We didn’t panic-buy or hoard early on, but we did stock up. It wasn’t because we feared shortages. I think we made reasoned decisions intended to cut down our exposure. After making 3 trips in 3 days, we shifted from going to the grocery store twice a week to once every two weeks. We could do that because we stocked up on non-perishables like flour, sugar, rice, dried beans, and coffee. If there was a situation where the shops were forced to be closed, or one of us got sick and we couldn’t go out, we’d still be able to eat.

As the year has gone on and things have become safer, we’ve gone back to twice-weekly trips. The big shift has been in the times and days we go. With masks, gloves, and hand sanitizer at the ready, we go to the shops when we know the least number of other customers will be there.

Being self-employed helped. Nothing changed drastically for us. Katie shifted from teaching and selling art to just making and selling art. We are lucky to have maintained a steady income. The reason we can be self-employed is because we live a minimalist lifestyle, and don’t have a lot of overhead that forces us to work corporate jobs.

Because we work from home, we’re used to staying in. It’s not unusual for one or both of us to throw ourselves into a project and not leave the apartment for days at a time. So we threw ourselves into projects. We saw this as an opportunity, not some punishment or act of oppression. Again, it’s an example of minimalism at work. Long ago we got into the habit of consolidating trips, and going out less, so we could spend more time engaged in uninterrupted creativity.

Minimalism: A Year Into the Pandemic

As a creative cook, we haven’t missed going out to eat. I can make most of the things we love. Our eating habits have shifted, but not because of lockdown. I still cook a big lunch, both to give us an enjoyable break in the middle of the day and to allow me another means of creative expression. Breakfast and dinner have become simple meals, usually bread, cheese, and fruit or hummus, pita, and raw vegetables.

Early in the pandemic I began daily blogging. After several months I realized that was bad for my mental health. I was spending too much time worrying about “what if” and not being present. The worry was affecting my ability to work. I didn’t need that, so I got rid of it to make more space for other things, like gratifying projects and better peace of mind.

I don’t want this to come across as a flex. There are people that are struggling with isolation, loss of work, and lack of income. I do want to express gratitude that we are so self-sufficient, and that we’ve been able to carry on fairly normally for the past year. I have to give all credit to the years spent cultivating a minimalist mindset, though. It’s given us the tools to deal with lockdown and isolation without serious negative impacts.

Bad Faith, Free Speech: Outrage Over Imagined Rights

Several years ago I began pulling away from a friend. It was after the A&E network suspended Phil Robertson, one of the stars of Duck Dynasty, from that show. Robertson had done an interview with GQ where he equated homosexuality to bestiality. After issuing a statement that Robertson’s views did not reflect the opinions of A&E, and reaffirming their support of the LGBT community, they sacked him.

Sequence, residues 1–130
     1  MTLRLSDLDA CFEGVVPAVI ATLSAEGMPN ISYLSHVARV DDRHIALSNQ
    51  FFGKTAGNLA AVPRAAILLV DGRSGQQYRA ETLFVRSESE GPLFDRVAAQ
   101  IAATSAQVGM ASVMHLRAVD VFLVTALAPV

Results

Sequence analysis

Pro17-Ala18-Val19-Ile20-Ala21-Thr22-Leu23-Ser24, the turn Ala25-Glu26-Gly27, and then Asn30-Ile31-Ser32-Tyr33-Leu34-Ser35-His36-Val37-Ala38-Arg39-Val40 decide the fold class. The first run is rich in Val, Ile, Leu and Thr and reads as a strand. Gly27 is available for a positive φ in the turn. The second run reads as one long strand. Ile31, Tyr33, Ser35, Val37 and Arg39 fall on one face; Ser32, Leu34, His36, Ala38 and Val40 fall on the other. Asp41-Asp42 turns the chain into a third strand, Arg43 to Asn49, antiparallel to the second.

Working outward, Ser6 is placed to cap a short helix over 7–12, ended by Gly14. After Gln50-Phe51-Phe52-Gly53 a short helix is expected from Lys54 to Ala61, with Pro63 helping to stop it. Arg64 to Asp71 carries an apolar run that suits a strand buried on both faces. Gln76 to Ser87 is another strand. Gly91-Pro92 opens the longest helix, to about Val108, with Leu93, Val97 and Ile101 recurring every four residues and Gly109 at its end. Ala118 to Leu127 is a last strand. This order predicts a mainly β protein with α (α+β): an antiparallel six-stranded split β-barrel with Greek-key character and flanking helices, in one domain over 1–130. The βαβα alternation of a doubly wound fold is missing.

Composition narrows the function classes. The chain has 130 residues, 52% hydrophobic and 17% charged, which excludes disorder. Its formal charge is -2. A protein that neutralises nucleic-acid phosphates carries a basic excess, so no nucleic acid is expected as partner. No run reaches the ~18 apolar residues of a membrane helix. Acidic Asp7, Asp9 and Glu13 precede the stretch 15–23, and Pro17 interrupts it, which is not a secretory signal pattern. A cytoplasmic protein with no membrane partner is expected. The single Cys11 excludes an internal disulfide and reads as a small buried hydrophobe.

My friend tweeted, “Whatever happened to free speech?”

Two years later this repeated. Walmart banned sales of the Confederate battle flag and anything containing its image. This extended to Dukes of Hazzard memorabilia. Models of the iconic car the General Lee, which has the flag painted across its roof, were removed from shelves.

My friend went on a tear about First Amendment rights.

About That

“Congress shall make no law respecting an establishment of religion, or prohibiting the free exercise thereof; or abridging the freedom of speech, or of the press; or the right of the people peaceably to assemble, and to petition the Government for a redress of grievances.”

First Amendment of the United States Constitution

Show me where Congress passed a law saying A&E had to kick Phil Robertson off the show. That never happened. Show me where the government rushed in, confiscated all of the copies of CQ featuring the interview, and burned them. It didn’t happen. The interview is still up on GQ’s website; I linked to it earlier in this essay. First Amendment rights have not been violated.

A&E reversed their suspension of Robertson a week later. It was moot anyway, because the new season featuring Robertson was already in the can and the network stated that they would air those episodes. The reason for the suspension was free publicity. A charitable reading of the situation is that it allowed A&E to making it clear they did not support their star’s homophobic opinions.

Similarly, show me where Federal agents stormed Walmart and seized everything with a Confederate battle flag on it. Present to me the order issued by a government agency requiring Walmart to remove said flag. Never happened.

You can buy Dukes of Hazzard memorabilia on Walmart’s website, including models of the General Lee. They’re offered by third-party sellers, not Walmart itself, but a lot of people won’t see the distinction. It should be noted that none of the merch I found showed the Confederate battle flag. All shots of the car were low and from the size, avoiding views of the roof.